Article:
Friday, April 11, 2008


I'm lucky (if you tilt your head and squint really hard and remind yourself that there is something about a tendency to migraines that is "lucky") in that I usually get an aura before a migraine -- I nearly always get photosensitivity, I frequently get sparklies in my field of vision, and once in a while, I get this weird echoy feeling to my hearing.

I'm also lucky in that if I catch a migraine early enough and either medicate it or sleep it off, it usually goes away without getting too excruciating, which makes the auras a useful thing indeed.

So having one come on full blast without an aura as I was getting agenda books ready for next week?

I am not amused.

After a nap, I feel good enough to be bored (hence this post), but I've got the laptop screen (Data's big beautiful bright screen, even dimmed to its lowest setting, would be torture) dimmed to one notch above "off" and it's still too bright, so g'night all.

Wednesday, April 09, 2008

So, It's NOT the Simple Things

So, apparently, I don't fail at measuring.  I fail at mind reading.

I went to exchange my capris today, and sheepishly told them that I'd like to try on a pair before I exchanged them.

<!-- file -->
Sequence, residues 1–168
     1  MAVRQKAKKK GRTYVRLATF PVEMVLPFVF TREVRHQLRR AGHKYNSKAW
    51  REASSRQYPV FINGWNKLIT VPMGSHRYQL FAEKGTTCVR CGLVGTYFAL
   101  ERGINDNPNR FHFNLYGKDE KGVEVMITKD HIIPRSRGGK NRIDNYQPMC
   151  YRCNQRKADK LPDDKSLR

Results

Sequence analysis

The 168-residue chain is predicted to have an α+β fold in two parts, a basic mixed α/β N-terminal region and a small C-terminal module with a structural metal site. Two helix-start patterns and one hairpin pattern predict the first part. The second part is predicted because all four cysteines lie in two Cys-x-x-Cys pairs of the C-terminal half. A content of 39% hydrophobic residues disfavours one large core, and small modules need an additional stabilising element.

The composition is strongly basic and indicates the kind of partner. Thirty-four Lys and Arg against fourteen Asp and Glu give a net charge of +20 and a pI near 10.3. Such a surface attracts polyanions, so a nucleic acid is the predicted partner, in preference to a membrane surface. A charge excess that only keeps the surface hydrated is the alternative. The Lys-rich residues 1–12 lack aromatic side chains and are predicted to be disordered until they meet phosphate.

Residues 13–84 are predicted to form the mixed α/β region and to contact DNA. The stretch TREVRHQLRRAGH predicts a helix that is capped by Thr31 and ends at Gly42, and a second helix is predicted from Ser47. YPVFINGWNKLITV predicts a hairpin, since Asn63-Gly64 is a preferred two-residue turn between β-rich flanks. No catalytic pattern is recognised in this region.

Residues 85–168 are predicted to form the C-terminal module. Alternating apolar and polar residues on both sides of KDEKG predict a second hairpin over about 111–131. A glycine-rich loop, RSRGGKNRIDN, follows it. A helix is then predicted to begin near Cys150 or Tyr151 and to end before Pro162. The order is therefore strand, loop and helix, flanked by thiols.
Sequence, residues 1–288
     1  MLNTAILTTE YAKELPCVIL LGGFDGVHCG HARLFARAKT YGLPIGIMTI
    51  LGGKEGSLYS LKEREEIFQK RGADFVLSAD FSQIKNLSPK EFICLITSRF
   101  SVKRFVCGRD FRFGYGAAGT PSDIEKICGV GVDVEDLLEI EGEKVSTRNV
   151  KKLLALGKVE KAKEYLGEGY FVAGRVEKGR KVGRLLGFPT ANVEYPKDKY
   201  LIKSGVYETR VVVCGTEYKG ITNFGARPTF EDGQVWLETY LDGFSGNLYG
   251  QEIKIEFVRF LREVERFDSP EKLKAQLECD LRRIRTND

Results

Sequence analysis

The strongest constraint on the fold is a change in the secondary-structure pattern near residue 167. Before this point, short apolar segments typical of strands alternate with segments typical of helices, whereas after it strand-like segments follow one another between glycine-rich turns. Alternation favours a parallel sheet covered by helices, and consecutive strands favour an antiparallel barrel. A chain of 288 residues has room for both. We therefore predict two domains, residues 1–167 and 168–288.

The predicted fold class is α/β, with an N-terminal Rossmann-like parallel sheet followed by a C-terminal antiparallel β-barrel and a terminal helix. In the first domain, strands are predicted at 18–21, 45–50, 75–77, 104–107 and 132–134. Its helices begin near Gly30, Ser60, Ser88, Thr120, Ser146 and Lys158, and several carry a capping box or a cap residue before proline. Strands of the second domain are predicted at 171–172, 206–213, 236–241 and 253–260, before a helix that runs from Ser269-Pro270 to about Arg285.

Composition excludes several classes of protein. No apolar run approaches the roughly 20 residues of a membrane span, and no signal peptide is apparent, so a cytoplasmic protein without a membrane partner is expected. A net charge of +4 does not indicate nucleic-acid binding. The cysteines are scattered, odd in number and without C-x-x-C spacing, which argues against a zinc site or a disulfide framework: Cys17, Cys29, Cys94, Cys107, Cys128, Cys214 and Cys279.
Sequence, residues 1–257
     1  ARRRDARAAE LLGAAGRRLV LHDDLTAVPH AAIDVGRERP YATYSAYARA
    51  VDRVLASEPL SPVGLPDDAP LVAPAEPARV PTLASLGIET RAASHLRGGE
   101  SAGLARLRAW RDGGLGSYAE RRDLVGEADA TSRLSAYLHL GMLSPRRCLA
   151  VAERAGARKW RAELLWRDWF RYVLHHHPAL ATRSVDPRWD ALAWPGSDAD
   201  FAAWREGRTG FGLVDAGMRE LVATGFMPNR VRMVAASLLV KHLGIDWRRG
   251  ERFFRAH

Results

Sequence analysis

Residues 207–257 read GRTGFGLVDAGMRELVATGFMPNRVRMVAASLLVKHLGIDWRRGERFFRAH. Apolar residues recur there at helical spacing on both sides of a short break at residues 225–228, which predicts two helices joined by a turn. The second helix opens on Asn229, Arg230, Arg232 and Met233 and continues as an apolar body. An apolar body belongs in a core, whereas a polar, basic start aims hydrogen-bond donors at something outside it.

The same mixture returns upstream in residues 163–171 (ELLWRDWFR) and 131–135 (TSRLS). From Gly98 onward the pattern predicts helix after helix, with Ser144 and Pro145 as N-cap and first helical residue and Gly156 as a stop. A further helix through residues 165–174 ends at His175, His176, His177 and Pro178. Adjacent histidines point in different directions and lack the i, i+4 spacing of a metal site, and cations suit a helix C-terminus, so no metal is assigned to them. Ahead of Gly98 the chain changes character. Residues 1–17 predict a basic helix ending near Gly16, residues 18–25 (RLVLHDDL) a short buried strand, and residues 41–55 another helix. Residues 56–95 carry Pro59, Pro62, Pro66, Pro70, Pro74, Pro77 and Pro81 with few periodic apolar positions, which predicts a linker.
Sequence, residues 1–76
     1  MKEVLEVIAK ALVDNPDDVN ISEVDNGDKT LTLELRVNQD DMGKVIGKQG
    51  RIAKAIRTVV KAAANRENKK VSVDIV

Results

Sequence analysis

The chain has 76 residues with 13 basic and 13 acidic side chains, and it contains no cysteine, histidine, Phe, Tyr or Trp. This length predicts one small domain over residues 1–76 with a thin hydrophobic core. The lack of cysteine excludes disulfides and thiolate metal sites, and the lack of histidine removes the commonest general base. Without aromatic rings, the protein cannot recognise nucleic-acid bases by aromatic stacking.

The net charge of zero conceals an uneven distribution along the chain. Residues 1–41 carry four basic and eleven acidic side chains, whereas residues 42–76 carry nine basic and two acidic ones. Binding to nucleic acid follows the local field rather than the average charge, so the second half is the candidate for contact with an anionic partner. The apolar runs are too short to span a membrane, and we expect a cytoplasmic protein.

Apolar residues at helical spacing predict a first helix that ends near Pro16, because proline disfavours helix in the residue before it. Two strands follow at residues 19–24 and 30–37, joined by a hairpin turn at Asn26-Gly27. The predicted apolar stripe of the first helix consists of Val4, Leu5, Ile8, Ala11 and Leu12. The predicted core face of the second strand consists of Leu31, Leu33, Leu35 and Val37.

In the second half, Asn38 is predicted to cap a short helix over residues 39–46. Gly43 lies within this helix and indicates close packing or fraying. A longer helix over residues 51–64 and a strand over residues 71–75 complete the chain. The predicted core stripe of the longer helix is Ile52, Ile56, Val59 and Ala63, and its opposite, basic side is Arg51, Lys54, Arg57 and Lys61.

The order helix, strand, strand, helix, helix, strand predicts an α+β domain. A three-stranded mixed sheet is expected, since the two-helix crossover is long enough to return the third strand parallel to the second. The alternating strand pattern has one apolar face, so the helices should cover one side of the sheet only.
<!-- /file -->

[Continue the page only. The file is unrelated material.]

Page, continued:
I went and tried on the next size smaller.

Yeah, too big.

So I got the next size smaller yet.

A bit loose, but I like my clothes loose.  If I were the form-fitting type, I probably could have gone one more size smaller.

So I went to pay, and they asked what size I'd ended up with.  I told them, and they asked where I'd gotten measured -- at their Reseda store (which I didn't know existed) or at the Northridge store (which I hadn't known existed until I asked google for a closer place than Burbank to exchange them in the first place).

"I measured myself," I said.

"Oooh," the saleslady (who was...petite, shall we say, and not someone you generally see working at a plus-size clothing store -- which, of course, made discussing my larger size fun).  "See, when we measure people in the store, we tell them to buy two sizes smaller than what the measurements say."


** spoowriter raises hand **

If you consistently tell people to buy two sizes smaller...why not change your sizing chart?  Just sayin'.  I mean, what if I'd ordered them online?

Still -- very comfy, now that they fit.  They also look like capris, instead of just-a-bit-too-short pants, now that they fit.

ETA:  D'oh.  Apparently, I also fail at not-losing-Matilda.  So much for making homework tonight.  However, the kids are absolutely loving the book.

Tuesday, April 08, 2008

Not Bad for a Tuesday's a Tuesday and everything is taken care of for next week except agenda book stuff and homework.  Nifty.

Meanwhile, I'm going through my photos from the trip Patrick and I took to Disney World in January.  The goal for that trip was PACK LIGHT.  We shared one suitcase, one laptop case, and one camera (my point and shoot -- more on that later).

And I've discovered something interesting: nearly all of the uncorrected photos have no real blacks.  Observe:

Namely, the left side of the histogram; I've had to drag the black level over 5% or so on nearly all of the photos (it actually makes a huge difference in the overall appearance of the photo).